• Amtrak NEC Virginia Regional Service

  • Discussion related to Amtrak also known as the National Railroad Passenger Corp.
Discussion related to Amtrak also known as the National Railroad Passenger Corp.

Moderators: GirlOnTheTrain, mtuandrew, Tadman

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  by Ridgefielder
 
gokeefe wrote: Thu Dec 26, 2019 7:20 pm
Gilbert B Norman wrote: Thu Dec 26, 2019 2:27 pm According to the AAR's one-time "Quiz on American Railroads" publication, the RF&P was reported to have three (3) miles of electrified railroad. Evidently, the PRR's "end of track" was on the District's side of the Potomac.
Sounds like a billing nightmare for the accounting department if I've ever heard of one.

Mr. Norman, I assume the Pennsy simply used their own ",juice". Do you think there was any kind of special deal for the RF&P, e.g. charging the PRR "rent" on the poles or something like that?
The Pennsy was a part owner of the RF&P. Ownership of the road's capital stock was split equally between all the Class I's that connected to it-- the PRR, B&O, ACL, SAL, SOU and C&O. That may have made the accounting easier.

Was the Long Bridge owned by the PRR or was it owned by the Washington Terminal Co.?
  by SouthernRailway
 
Wouldn't hourly passenger trains be above the minimum number of trains needed make electrification of the DC-Richmond route cost-effective?
  by ExCon90
 
According to the PRR Centennial History (commissioned by PRR in 1946 from Coverdale & Colpitts), on June 21, 1870 Congress extended to the Baltimore & Potomac perpetual use of the Long Bridge free of cost, the B&P being required to maintain the bridge and grant access to other railroads seeking to connect with roads in Virginia. This took possession from the B&O, which had had control until then. Nothing is stated about who built it in the first place, but Congress had control of it. (Would have been interesting to be the proverbial fly on the wall during some of those negotiations.)

From the Washington Yard PRR Employees' Time Table, Chesapeake Region, April 3, 1957, For the Government of Employees of Baltimore & Ohio, Chesapeake & Ohio, Richmond, Fredericksburg & Potomac, and Southern Railway operating trains between Anacostia and South End:

Mileage
0 SUBURBAN STATION, Philadelphia
134.2 ANACOSTIA (Junction with B&O)
135.9 VIRGINIA (Junction with passenger mains from Union Station)
136.3 SEVENTH STREET
136.6 14TH STREET [sic]
137.6 POTOMAC RIVER MOVABLE BRIDGE
137.7 REGION POST (R. F. & P.)
138.1 SOUTH END (R. F. & P.)

Special Instruction 1154-C2. Toilet room doors must be locked between South End and Washington Terminal. In case of distress doors may be opened upon request.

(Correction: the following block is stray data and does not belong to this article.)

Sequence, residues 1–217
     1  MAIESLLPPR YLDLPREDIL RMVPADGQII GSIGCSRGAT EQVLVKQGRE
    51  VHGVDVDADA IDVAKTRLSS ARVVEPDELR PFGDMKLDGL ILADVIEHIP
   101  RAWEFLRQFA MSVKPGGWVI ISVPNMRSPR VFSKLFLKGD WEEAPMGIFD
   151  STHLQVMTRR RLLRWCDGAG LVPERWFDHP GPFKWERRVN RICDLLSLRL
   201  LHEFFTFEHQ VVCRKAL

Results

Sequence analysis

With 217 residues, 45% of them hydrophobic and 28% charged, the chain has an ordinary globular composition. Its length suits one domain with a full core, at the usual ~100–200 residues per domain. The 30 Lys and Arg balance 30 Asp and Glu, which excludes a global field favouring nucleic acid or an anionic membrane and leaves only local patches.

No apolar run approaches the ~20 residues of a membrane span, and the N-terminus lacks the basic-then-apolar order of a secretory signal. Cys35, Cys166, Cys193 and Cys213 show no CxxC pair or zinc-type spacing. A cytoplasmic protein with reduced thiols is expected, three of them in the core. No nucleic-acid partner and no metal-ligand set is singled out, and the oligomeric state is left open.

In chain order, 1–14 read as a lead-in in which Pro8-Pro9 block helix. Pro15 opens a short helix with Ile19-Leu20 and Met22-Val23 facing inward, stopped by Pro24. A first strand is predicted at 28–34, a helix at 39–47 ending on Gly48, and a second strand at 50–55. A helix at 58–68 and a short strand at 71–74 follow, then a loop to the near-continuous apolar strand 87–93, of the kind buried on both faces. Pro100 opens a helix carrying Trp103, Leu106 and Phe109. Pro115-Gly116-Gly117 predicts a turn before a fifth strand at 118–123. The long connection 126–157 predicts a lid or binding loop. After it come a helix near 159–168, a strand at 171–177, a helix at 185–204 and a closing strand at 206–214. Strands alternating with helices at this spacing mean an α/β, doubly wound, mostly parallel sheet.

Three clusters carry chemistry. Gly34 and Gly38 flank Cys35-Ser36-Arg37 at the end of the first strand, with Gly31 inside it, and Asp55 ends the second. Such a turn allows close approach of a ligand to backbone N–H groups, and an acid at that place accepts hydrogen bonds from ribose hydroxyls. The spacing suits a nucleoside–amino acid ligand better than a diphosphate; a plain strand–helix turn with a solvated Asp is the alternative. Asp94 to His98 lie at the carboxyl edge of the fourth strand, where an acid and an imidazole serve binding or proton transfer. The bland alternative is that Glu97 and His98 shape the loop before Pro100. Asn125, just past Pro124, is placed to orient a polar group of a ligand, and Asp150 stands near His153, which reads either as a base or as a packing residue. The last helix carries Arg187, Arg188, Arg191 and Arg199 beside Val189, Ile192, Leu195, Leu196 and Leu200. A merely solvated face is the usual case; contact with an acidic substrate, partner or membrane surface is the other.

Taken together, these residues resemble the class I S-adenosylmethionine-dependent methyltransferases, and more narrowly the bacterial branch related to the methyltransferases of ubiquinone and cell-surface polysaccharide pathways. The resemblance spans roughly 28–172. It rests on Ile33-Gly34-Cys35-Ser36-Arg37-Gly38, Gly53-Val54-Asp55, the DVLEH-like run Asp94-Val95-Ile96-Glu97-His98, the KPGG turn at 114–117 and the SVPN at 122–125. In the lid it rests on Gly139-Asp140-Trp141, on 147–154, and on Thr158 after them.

Rule 251 (signal indication with current of traffic) was in effect between Anacostia and South End on both tracks, except that Rule 261 (signal indication in both directions) was in effect on Track 2 (normally northbound) between Virginia and 14th Street. If a southbound freight was being held out of PotYard on Track 3 (normally southbound--there was no Track 1) this would have permitted a southbound passenger to run around it on signal indication without all the paperwork of reverse running under Rule 251. (If the freight being held was B&O it would also have permitted a PRR freight to run around it and get into PotYard first--just sayin'.)

So it looks like it was RF&P track from the south end of the bridge but dispatched by PRR (and with catenary under the control of the Power Director in Baltimore).
  by gokeefe
 
SouthernRailway wrote: Fri Dec 27, 2019 1:37 pm Wouldn't hourly passenger trains be above the minimum number of trains needed make electrification of the DC-Richmond route cost-effective?
I think it's pretty close especially once you throw in VRE. Worth noting it's hourly in both directions(!).
  by njtmnrrbuff
 
There are plenty of Amtrak diesel corridor routes that run around hourly or even less. The Empire Corridor schedule between NYP and Albany-Rensselaer is almost hourly, especially during the week and I think Sundays. On Saturdays, there are some more two hour gaps between trains between NYP and ALB. The Pacific Surfliners run almost hourly from LAUPT to San Diego. Those are two routes that won't be getting electrified.
  by mtuandrew
 
gokeefe wrote: Fri Dec 27, 2019 6:39 pm
SouthernRailway wrote: Fri Dec 27, 2019 1:37 pm Wouldn't hourly passenger trains be above the minimum number of trains needed make electrification of the DC-Richmond route cost-effective?
I think it's pretty close especially once you throw in VRE. Worth noting it's hourly in both directions(!).
Re: VRE, that’s why I’m starting to push my electeds to make a similar deal with NS. It would mean that in one fell swoop, we could go from a diesel system to an electric one, and could run a common MARC-VRE system through DC if we wanted.

NJT/MNRR: it wouldn’t surprise me if Los Angeles -San Diego eventually got wired; that’s more of a possibility than the Hudson Valley.
  by SouthernRailway
 
njt/mnrrbuff wrote: Fri Dec 27, 2019 8:53 pm There are plenty of Amtrak diesel corridor routes that run around hourly or even less. The Empire Corridor schedule between NYP and Albany-Rensselaer is almost hourly, especially during the week and I think Sundays. On Saturdays, there are some more two hour gaps between trains between NYP and ALB. The Pacific Surfliners run almost hourly from LAUPT to San Diego. Those are two routes that won't be getting electrified.
NY Gov. Cuomo just called for a review of past studies about NY HSR and for a new study about NY HSR to be done. I’m not sure of the point of simply preparing a study, but there is some push for faster trains upstate, which might include electrification. So never say never for Hudson Line electrification.
  by gokeefe
 
The point of doing an updated study is to gather evidence for a case you think you will make. Studies are essential in the due diligence process and to help test hypotheticals against facts.

The fact that they are spending money on this, and with an administration that wants to move forward on as many fronts as possible is very promising.
  by quad50cal
 
SouthernRailway wrote: Fri Dec 27, 2019 9:10 pm NY Gov. Cuomo just called for a review of past studies about NY HSR and for a new study about NY HSR to be done. I’m not sure of the point of simply preparing a study, but there is some push for faster trains upstate
I would wager it's a shovel ready contingency to be well placed in the case of Biden 2020 becoming president. Cuomo aligned with Biden early on and the only national figure that's promoted HSR recently has been Joe Biden. Specifically, Biden has mentioned widespread electrification, NEC HSR and expanding the NEC to the South.